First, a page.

Sandee Walling, the beloved cashier who worked Saturdays and Wednesdays, represented a group of volunteers who had deep connections to the University. Volunteers have included retired DU librarians, alumni and faculty—our longest working volunteer, Bernie Spilka, a retired psychology professor,  worked into his 90s. Bernie was the great hold-out in terms of tighter organization in the Stack. He had worked at a used bookstore in New York in the early 1950s, where the philosophy had been to keep everything in chaotic order because it would encourage customers to buy more books as they looked through the randomly shelved books. Since he managed multiple sections—social sciences, physical sciences, math, religion, philosophy—customers would go to him for help and often would be treated to one of his wonderful stories. We may now have more organization in the areas he formerly cared for, but we all miss his knowledge, his endless stories and his dedication. 

Many of the most faithful workers either have had to leave us because of health issues or have died. The average age of volunteers once was probably 80. One of our old-timers would wander in, find a chair, grab a book to look at and promptly fall asleep until someone would ask for help. She, too, added to the atmosphere of the store—although she had a memorable driving mishap, hitting three cars in the parking lot as she tried to back out of the chancellor’s spot she had accidentally taken.

Do you have other amusing tales? 

Our customers have always been an interesting source. We never know who will want what kind of book. I recall two elderly customers, at least in their 80s, who were looking for the expected craft books and then wondered if we had any books about motorcycles because they were thinking about getting one. And what was the age of the person who bought all “Fifty Shades of Gray” books with glee? At least 85!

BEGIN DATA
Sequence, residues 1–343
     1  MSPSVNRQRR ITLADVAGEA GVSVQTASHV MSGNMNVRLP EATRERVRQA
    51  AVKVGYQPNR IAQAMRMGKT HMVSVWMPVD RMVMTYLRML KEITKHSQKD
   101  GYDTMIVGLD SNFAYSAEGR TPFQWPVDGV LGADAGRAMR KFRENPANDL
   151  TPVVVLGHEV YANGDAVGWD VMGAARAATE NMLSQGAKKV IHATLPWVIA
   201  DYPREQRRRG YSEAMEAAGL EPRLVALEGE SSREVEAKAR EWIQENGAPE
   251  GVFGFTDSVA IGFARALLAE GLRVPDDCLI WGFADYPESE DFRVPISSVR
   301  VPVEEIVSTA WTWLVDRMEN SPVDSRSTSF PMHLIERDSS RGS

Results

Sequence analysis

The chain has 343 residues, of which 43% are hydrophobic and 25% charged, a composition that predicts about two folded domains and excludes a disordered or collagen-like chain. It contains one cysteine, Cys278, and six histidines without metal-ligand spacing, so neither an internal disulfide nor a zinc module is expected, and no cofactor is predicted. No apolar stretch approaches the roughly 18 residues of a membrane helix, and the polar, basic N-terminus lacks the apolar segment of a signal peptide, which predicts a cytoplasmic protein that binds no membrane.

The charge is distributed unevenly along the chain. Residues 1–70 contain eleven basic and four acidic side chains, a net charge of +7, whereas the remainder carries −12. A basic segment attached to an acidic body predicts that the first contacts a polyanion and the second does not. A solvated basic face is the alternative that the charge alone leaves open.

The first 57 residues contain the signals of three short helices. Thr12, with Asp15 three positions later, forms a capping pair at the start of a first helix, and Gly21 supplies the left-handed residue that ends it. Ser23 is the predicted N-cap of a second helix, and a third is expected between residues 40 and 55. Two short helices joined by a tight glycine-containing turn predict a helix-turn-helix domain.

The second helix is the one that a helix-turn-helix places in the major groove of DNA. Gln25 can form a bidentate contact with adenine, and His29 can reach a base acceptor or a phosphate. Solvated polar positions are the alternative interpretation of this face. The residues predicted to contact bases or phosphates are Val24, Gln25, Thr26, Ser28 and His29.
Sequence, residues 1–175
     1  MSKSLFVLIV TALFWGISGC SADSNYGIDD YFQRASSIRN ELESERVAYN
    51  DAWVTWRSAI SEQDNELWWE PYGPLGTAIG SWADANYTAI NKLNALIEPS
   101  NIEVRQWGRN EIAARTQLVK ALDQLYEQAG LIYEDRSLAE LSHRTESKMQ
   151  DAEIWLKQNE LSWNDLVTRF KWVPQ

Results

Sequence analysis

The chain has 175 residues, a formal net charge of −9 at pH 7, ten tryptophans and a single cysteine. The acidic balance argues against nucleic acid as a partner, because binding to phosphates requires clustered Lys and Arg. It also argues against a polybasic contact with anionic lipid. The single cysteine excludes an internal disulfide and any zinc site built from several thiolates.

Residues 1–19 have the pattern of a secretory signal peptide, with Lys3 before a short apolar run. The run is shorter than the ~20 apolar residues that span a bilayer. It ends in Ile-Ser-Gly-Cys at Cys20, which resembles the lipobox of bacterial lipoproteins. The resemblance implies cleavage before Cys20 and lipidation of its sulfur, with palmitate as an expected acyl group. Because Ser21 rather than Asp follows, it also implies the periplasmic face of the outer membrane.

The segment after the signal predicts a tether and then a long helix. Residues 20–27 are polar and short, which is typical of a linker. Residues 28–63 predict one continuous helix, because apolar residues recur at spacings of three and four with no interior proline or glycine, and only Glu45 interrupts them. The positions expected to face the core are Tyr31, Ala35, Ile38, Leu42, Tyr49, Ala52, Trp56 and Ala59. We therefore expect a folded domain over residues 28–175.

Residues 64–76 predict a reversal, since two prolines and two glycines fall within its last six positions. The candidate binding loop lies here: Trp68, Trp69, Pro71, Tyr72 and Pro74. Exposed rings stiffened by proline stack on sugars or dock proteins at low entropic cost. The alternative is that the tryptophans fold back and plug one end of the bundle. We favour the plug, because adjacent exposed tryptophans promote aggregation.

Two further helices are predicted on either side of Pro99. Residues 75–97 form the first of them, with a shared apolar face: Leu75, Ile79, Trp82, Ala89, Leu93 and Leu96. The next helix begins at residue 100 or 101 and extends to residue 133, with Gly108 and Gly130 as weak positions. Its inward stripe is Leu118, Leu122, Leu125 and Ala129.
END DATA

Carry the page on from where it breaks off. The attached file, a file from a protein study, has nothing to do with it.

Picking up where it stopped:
What’s one of the most interesting books you’ve come across? 

I remember a book by Eleanor Roosevelt, which she had signed and given to someone. We knew it would have some value because of the autograph and personal message, but the real treasure was discovering a handwritten thank you note tucked into the book thanking the recipient for the lovely dinner Mrs. Roosevelt and the recipient had shared together on Mrs. Roosevelt’s most recent Denver visit. 

How do you get your books? 

Most of our books come from private donations, often from professors or administrators clearing out their offices when they retire, but many are donated by alumni or families of deceased alumni. We are so intrigued by the variety of books in any given donation. We used to get annual donations of hard back mystery novels from someone who was a heavy smoker. We had to deodorize those books before we could put them on the shelves, but it was such a wonder to get perhaps 100 hard back mystery books all printed in the previous year, since most readers tended to buy paperbacks to assuage their reading habit.   

The Book Stack is located on the first floor (room 107B) of the Mary Reed Building and is open Tuesday–Thursday, 9 a.m.–1 p.m.